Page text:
The changing face of children's literature
July 14, 2003 at 11:16 AM ET
Godric's Hollow (via Sunday Herald)
In her article Literary pomposity casts a dark spell over Harry Potter, Muriel Grey analyzes how changes in technology have affected today's children's tastes in literature.
But while we may forgive the understandable adherence to new technologies by our luckier and choosier progenies, it's harder to accept that their literary tastes are not identical. Our disappointment at this is presumably because, despite the breathtaking velocity of change that propels the modern world, the technology of reading hasn't altered one bit. A book is still an idea or collection of ideas delivered on a bundle of paper bound at the spine, and the only difference is what's printed inside. Why, therefore, shouldn't our children respond in the same way to the fictions that lit our imaginations when we were their age?
My own attempts at this have had horribly mixed results. The flawless Edith Nesbit and repackaged Tolkien have both unsurprisingly passed the test of the time with our eldest, but when I went searching for Anthony Buckeridge's marvellous Jennings books, ordered them and waited eight weeks for their delivery, the amusing tales of naughty public schoolboys were read politely by my son and then never mentioned again except to enquire with a slightly accusatory tone why I liked them so much. The truth is I can't really remember why I loved them to the point of reading red-eyed into the night. I just know I did.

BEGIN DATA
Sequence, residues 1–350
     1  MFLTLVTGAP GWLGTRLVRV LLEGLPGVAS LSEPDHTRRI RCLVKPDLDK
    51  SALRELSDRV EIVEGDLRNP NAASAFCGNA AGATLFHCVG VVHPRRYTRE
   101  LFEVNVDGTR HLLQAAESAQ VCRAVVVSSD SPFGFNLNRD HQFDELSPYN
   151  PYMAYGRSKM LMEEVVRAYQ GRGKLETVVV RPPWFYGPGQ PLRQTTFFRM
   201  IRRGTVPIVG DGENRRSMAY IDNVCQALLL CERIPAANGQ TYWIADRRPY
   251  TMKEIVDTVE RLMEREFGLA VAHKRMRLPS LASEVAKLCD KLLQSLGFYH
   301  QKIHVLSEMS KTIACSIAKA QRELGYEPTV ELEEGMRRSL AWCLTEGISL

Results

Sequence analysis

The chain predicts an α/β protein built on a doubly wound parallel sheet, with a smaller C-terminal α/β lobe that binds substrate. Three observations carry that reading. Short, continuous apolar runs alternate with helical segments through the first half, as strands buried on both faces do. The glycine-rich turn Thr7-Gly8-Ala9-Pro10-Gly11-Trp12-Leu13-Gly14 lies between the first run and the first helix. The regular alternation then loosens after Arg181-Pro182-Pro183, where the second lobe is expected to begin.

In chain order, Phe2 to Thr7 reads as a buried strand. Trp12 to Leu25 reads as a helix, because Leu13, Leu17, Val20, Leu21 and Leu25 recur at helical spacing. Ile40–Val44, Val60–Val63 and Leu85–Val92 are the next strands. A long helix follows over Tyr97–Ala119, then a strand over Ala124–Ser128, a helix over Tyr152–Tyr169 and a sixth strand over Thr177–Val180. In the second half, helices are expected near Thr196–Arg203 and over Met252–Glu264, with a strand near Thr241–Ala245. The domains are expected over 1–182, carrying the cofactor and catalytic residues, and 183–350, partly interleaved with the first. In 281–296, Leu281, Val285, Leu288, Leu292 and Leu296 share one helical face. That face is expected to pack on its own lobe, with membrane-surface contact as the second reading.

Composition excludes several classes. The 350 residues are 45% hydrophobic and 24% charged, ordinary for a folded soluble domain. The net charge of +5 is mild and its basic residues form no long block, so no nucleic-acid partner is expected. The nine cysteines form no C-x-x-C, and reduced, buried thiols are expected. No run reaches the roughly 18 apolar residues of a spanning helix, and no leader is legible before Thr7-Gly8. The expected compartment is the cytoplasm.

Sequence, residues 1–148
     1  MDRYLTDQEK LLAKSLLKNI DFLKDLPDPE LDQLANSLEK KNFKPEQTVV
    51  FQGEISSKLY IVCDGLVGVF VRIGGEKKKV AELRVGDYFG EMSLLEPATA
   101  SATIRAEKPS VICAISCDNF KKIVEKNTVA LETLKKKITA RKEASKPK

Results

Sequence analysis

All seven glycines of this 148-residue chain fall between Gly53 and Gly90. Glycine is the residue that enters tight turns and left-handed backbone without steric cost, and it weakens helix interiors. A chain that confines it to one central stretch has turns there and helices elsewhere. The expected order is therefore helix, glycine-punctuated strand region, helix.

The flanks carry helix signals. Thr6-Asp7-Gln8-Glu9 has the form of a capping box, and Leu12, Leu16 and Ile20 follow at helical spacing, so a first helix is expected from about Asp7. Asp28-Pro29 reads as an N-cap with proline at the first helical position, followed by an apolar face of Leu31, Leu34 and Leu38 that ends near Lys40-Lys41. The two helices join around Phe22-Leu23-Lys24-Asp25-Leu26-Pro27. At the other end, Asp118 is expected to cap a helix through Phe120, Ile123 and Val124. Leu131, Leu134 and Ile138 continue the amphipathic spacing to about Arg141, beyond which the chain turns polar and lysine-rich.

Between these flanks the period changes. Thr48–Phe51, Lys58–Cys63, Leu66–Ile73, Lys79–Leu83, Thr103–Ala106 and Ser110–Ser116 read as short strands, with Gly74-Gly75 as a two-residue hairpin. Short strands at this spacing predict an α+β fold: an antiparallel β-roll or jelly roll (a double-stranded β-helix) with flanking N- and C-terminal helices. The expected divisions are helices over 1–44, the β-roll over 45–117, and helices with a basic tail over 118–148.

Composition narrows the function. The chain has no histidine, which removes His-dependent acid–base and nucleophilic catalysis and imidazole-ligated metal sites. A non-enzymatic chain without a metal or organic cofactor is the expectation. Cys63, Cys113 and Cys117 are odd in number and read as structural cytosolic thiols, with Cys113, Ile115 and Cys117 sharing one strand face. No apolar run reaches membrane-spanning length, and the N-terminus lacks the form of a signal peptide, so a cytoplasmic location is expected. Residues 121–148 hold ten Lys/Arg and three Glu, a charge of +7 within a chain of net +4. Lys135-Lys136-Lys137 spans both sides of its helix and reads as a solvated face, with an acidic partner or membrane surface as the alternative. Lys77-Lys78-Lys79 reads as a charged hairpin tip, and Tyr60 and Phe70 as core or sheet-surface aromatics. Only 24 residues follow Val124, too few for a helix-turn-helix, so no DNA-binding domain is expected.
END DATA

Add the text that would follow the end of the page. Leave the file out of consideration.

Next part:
Grey also has a few remarks on A S Byatt's remarks on the Potter books.
She throws the final punch by accusing Rowling of being derivative, having taken a pinch of Tolkien, Blyton, Roald Dahl, Star Wars, you name it and added it to the bubbling cauldron. Strange how Byatt's heroine Susan Cooper, writing a close -- if inferior -- approximation of Tolkien without much else added at all, is seen as pure and honourable, whereas Rowling's nimble mind, having skilfully managed to encapsulate almost every beloved piece of children's literature she devoured as a little girl herself and distil it into something entirely unique, is called 'derivative'.
The depressing aspect of this attack and the subsequent publicity that it's gaining is that Byatt and her bitter, dusty cronies are deliberately driving another wedge into that crack between literary and non- literary fiction, the one that dissuades readers from trying something new, preventing them from expanding their reading horizons, making them self conscious about their choices instead of confidently critical about the product.
You can read more at the above link.